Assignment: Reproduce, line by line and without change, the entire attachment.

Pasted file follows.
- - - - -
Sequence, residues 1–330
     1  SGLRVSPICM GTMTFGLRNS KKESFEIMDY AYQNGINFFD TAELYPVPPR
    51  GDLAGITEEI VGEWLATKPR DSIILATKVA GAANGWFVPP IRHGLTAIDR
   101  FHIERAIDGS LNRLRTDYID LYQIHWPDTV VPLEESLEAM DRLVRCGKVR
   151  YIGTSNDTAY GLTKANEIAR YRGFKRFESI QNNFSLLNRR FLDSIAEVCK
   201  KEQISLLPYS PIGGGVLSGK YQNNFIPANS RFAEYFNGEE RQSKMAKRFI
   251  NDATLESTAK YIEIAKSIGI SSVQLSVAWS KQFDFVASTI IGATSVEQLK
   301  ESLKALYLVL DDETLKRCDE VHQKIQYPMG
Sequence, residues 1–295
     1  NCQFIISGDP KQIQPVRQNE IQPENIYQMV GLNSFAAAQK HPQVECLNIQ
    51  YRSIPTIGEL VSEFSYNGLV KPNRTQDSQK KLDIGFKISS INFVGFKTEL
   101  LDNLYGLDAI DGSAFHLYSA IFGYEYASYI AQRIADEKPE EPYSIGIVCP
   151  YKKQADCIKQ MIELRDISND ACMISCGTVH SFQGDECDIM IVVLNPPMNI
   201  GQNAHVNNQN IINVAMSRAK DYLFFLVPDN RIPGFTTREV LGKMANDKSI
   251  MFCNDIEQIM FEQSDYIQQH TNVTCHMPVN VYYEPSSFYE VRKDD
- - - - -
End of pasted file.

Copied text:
Sequence, residues 1–330
     1  SGLRVSPICM GTMTFGLRNS KKESFEIMDY AYQNGINFFD TAELYPVPPR
    51  GDLAGITEEI VGEWLATKPR DSIILATKVA GAANGWFVPP IRHGLTAIDR
   101  FHIERAIDGS LNRLRTDYID LYQIHWPDTV VPLEESLEAM DRLVRCGKVR
   151  YIGTSNDTAY GLTKANEIAR YRGFKRFESI QNNFSLLNRR FLDSIAEVCK
   201  KEQISLLPYS PIGGGVLSGK YQNNFIPANS RFAEYFNGEE RQSKMAKRFI
   251  NDATLESTAK YIEIAKSIGI SSVQLSVAWS KQFDFVASTI IGATSVEQLK
   301  ESLKALYLVL DDETLKRCDE VHQKIQYPMG
Sequence, residues 1–295
     1  NCQFIISGDP KQIQPVRQNE IQPENIYQMV GLNSFAAAQK HPQVECLNIQ
    51  YRSIPTIGEL VSEFSYNGLV KPNRTQDSQK KLDIGFKISS INFVGFKTEL
   101  LDNLYGLDAI DGSAFHLYSA IFGYEYASYI AQRIADEKPE EPYSIGIVCP
   151  YKKQADCIKQ MIELRDISND ACMISCGTVH SFQGDECDIM IVVLNPPMNI
   201  GQNAHVNNQN IINVAMSRAK DYLFFLVPDN RIPGFTTREV LGKMANDKSI
   251  MFCNDIEQIM FEQSDYIQQH TNVTCHMPVN VYYEPSSFYE VRKDD